2. What are your thoughts on the Plotts now being eligible to participate in AKC Conformation events?
|Plott eligibility to participate in AKC Conformation events and their formal recognition by AKC, is perhaps the most significant addition to the breed registry in recent times. Inasmuch as this is an American Hound Breed having evolved from the original stock of Hanoverian Hounds, who were brought to this country in 1750 by Johannes George Plott from Germany to North Carolina. The lineage of the Hanoverian Hound can be traced back as early as the 5th century in Germany making them quite an ancient breed. The AKC conformation events and field trials that now include the Plott will afford the All American Plott Hound, its long overdue and much deserved recognition as one of the worlds finest scent hounds and American workingman’s dependable and versatile working dog. Recent AKC recognition and inclusion of this notable old scent hound breed is a landmark event for those Plott Men and Plott Women who have loved, nurtured and maintained the breed during their lives. As the dog loving audiences become more familiar with the Plott, I envision them as a popular and successful breed in AKC Conformation events.|
3. Will this change or influence your current breeding program?
|Breeding to a conformation standard often ignores valuable traits that should be inherent to a particular breed. In the case of the Plott, characteristics such as voice quality, tracking ability, and natural treeing/baying ability, among others, should be of equal or greater importance in a breeding program. With that in mind I will strive to prove my dogs in the field as well as in the show ring with the ideal being a handsomely conformed proven hunter often referred to as the dual grand champion. What remains a matter of personal preference and by no current measurable standard is voice quality; Tone, Pitch, and Volume. For me the ideal remains a beautiful hound which opens and trails with a bawl on track and finishes the chase with a distinct chop at bay or on tree. The voice change in Tone, Pitch, and Volume communicates to the houndsman the progression and state of the chase. Thus, both conformation and hunting ability will remain important to our breeding program. Certainly we will, as breeders, pay more attention to certain individuals and potential mating that produce winning hounds conforming to the AKC standard. However, our propagation program will remain loyal to the Plott’s primary purpose as a scent hound. But, in any case, all things taken into account, it should be considered in very poor taste to pursue beautiful game with ugly hounds!|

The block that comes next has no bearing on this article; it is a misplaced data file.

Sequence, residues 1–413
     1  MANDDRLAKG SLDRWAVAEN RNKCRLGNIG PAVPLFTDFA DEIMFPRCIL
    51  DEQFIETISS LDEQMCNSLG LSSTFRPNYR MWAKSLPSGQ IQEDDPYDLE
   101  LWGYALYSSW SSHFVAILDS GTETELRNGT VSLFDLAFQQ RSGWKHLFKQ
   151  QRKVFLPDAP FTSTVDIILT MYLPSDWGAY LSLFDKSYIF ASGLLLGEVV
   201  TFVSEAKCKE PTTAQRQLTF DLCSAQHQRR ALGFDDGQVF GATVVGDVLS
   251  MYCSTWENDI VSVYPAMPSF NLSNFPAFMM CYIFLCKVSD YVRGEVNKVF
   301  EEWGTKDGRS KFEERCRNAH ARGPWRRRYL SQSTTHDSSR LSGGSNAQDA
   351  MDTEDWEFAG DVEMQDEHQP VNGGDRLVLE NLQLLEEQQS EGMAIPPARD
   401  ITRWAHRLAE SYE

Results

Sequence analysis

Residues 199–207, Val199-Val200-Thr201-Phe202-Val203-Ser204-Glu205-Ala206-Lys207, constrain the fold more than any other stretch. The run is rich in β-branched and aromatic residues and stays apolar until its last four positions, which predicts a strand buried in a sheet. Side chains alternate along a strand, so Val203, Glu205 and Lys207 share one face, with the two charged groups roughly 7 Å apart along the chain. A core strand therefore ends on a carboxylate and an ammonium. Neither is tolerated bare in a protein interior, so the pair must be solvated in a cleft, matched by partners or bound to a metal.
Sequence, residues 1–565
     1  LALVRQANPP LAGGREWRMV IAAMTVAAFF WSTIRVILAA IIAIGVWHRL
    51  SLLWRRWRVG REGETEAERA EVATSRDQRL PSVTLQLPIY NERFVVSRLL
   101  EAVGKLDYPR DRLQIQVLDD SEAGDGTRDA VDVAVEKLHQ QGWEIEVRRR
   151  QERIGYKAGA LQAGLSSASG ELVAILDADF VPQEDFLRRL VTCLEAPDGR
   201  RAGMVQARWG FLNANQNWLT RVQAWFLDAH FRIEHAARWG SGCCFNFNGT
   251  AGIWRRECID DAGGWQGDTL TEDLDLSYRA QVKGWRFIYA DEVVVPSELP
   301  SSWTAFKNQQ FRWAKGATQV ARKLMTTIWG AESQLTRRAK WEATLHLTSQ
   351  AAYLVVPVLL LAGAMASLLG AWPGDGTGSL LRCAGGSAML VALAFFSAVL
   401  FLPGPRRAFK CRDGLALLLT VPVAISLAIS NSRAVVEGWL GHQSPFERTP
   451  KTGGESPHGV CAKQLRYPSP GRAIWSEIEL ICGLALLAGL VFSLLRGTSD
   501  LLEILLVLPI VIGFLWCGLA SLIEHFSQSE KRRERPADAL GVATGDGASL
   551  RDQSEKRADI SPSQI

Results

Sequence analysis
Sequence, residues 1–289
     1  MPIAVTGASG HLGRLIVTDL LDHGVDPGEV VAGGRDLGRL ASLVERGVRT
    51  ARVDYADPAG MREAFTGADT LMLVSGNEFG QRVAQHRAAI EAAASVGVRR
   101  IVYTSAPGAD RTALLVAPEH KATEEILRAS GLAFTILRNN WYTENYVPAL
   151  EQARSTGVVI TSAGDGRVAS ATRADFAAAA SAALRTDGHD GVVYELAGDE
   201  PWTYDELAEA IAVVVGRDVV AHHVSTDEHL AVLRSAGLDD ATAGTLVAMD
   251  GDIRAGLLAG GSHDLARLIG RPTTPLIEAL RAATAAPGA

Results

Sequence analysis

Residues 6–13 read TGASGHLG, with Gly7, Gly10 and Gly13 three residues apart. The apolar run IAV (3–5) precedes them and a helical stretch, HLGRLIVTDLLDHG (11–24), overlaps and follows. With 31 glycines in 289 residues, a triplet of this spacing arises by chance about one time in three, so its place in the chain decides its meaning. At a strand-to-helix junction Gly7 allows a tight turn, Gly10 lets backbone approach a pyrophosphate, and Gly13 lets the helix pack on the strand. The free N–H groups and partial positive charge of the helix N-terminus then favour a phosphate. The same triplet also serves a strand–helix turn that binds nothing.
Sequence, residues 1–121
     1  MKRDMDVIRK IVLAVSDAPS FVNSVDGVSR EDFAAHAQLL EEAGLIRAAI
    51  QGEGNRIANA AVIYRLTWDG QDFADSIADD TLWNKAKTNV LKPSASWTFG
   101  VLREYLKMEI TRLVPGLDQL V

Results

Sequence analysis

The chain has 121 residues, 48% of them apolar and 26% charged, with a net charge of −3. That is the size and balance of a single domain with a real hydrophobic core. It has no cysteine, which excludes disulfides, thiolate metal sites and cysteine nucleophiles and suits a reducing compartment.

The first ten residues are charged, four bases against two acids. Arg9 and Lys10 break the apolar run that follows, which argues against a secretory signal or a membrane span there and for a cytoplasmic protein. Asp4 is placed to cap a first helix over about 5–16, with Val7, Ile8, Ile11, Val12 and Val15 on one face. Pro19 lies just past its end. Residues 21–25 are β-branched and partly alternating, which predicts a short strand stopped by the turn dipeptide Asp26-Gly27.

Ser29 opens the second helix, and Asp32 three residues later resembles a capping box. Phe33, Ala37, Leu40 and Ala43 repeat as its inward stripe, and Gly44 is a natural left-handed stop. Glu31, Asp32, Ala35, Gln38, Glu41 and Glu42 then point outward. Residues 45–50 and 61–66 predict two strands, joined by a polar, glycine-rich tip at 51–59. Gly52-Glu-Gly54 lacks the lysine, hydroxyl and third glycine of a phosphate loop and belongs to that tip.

4. Do you think the AKC Standard for the Plott is accurate in its description?
|For the most part, I think so. Although, it should be noted that wide variation in Plott styles exist. Most of these styles represent families of hounds that have been selected for one specific purpose or another over many generations and represent the individual tastes and requirements of a given breeder or small association of like minded breeders.|
5. What is the Plotts most endearing characteristic?
6. What is the Plott like to live with; do they do well as house pets?
|Plotts are delightful house hounds! Their natural intelligence, loyalty and relaxed nature lend them to be easily house broken and trained to conform to urban environments and the home.|
7. How trainable is the Plott?